NC Prenuptial Agreements and Family Law
- What is a Prenuptial Agreement?
- Benefits of a Prenuptial Agreement
- Can I Get Out of My Prenuptial Agreement?
- Do I Need an Attorney for a Prenuptial Agreement?
What is a Prenuptial Agreement in NC?
A prenuptial agreement is a contract between two individuals who plan to marry – which they sign prior to their marriage. It can contain a variety of issues relating to marital matters in the event the couple separates, divorces or a spouse dies. The agreement becomes effective at the time the couple marry.
Issues generally covered in a prenuptial agreement are details about property division, alimony or waiver of alimony, responsibilities and rights of the spouses and other factors. In North Carolina, the agreement cannot cover issues relating to child custody or child support.
To be valid, the prenuptial agreement must be a written document and must be signed by both individuals. Notarizing the agreement is wise. An extra measure can be taken to make your prenuptial agreement valid against third party creditors by filing it with the Register of Deeds.
The agreement can be amended or even revoked at a later date prior to separation, divorce or death of a spouse if both individuals sign the amendment or revocation.
Benefits of a Prenuptial Agreement
Approaching your fiancé about a prenuptial agreement can be a delicate conversation. Some people incorrectly see a premarital contract as an acknowledgement that the marriage will likely fail. However, there are many good reasons for having a prenuptial agreement.
A well-planned and well-written prenuptial agreement is a way to plan for the unpleasant possibility that a marriage may fail. Given modern marital statistics, responsible couples are wise to consider all eventualities and pre-plan for their protection and comfort. This allows the couple to determine their own futures without having a judge do it for them.
When one or both individuals entering marriage have substantial assets, it is particularly wise for the couple to have a prenuptial agreement. Individuals entering wedlock for a second time may want to prevent repeating the mistakes of their first marriage by defining the distribution of assets and debt in the event of divorce. This becomes especially important to spouses in subsequent marriages who want to ensure that their children from a former marriage receive their assets. There are many reasons why thinking couples may want establish what their expectations are in a marriage and what their rights are if the worst-case scenario happens.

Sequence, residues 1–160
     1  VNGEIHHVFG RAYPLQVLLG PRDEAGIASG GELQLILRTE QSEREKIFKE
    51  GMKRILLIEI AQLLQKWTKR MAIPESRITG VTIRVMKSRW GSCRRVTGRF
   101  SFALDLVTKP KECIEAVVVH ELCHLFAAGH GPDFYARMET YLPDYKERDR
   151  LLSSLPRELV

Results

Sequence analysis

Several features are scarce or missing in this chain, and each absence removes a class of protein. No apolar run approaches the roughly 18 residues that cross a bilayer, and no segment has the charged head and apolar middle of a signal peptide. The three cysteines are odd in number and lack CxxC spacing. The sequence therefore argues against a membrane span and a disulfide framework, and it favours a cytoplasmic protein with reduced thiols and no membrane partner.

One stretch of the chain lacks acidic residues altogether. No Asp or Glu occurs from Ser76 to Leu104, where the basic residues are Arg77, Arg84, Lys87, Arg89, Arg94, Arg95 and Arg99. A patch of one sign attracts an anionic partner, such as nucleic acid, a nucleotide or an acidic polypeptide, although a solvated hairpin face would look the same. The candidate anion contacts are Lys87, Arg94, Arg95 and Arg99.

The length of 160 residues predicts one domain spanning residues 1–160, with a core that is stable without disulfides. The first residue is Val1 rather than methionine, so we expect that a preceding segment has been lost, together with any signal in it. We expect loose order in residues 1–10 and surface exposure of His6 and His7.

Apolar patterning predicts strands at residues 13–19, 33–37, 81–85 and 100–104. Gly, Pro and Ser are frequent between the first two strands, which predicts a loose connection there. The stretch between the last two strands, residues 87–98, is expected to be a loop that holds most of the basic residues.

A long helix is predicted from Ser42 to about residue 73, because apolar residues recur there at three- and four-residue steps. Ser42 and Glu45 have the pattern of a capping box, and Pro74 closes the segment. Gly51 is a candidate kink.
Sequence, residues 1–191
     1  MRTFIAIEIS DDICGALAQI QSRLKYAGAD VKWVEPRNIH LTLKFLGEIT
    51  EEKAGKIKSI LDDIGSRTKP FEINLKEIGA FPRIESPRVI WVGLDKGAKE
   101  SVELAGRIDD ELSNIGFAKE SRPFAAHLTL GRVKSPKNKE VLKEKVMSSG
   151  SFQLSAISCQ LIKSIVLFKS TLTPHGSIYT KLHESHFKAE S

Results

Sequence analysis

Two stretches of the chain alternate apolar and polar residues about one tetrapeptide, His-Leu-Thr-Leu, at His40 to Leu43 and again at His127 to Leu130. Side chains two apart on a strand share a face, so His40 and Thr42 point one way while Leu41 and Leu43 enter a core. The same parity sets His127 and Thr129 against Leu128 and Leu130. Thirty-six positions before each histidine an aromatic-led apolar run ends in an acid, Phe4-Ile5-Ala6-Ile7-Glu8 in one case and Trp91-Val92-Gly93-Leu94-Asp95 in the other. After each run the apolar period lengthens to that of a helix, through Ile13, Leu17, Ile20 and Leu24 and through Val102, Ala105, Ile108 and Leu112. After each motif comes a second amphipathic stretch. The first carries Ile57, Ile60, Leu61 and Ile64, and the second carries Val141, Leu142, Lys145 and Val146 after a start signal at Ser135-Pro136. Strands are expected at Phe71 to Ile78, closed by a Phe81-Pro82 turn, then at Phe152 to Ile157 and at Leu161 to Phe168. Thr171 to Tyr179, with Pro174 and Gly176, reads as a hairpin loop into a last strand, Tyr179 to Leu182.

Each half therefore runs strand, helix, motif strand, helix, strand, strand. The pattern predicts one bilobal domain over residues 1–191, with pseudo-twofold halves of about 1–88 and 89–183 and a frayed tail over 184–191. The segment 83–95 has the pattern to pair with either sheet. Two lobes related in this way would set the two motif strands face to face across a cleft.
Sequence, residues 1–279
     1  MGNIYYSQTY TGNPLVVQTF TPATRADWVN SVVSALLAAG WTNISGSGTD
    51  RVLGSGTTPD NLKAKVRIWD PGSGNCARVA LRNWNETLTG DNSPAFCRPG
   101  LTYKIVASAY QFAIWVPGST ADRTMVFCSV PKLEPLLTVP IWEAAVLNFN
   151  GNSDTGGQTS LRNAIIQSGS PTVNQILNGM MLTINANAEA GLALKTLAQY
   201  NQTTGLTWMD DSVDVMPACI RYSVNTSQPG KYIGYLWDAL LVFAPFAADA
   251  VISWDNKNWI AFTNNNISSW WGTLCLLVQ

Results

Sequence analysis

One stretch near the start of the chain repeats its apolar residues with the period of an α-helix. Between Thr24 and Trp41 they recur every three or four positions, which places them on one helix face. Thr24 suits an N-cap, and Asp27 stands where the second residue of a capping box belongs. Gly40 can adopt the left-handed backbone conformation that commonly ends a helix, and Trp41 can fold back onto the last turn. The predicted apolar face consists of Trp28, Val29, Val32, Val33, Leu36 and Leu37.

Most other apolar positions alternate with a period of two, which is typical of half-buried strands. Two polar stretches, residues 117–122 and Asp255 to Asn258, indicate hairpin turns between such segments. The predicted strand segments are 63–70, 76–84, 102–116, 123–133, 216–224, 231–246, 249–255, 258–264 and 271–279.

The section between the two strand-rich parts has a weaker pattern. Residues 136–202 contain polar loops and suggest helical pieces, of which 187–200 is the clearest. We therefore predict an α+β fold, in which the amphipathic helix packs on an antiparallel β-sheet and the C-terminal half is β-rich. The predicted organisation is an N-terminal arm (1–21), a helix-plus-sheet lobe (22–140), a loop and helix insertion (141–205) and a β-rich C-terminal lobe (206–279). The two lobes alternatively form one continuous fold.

Can I Get Out of My Prenuptial Agreement?
Prenuptial agreements are binding contracts if they are executed in good faith. However, North Carolina provides for invalidating the agreement if you did not execute the prenuptial agreement voluntarily or if the agreement was “unconscionable,” or essentially unfair, when it was executed.
Not executing the prenuptial agreement voluntarily can include issues such as being coerced, hurried, pressured or threatened into signing the contract – for example, did your spouse hand you with a surprise prenuptial contract on the day before your wedding? Whether the agreement is unconscionable is decided by a judge who will look at number of factors to determine if unfairness exists – for example, did one spouse hide assets or withhold crucial information from the other.
Do I Need an Attorney for a Prenuptial Agreement?
Prenuptial Agreements can be complicated contracts. A legal mistake can have profound consequences. Couples sometimes feel awkward expressing their wishes in writing the agreement. An experienced family law attorney who is sensitive to the emotional issues can make the process more comfortable, ensure that your prenuptial agreement leaves nothing out – and can aggressively defend the contract in court if necessary.
Greenville NC Prenuptial Agreements and Family Law Attorney Cynthia Mills
Your future will be determined by the legal action you take today! Insure that you take the right path and secure what matters most to you and your family. Let me help you through the uncertainty and emotional stress of your family legal crisis with skill, experience and dedicated representation. Email firstname.lastname@example.org or call me at 252-752-6161.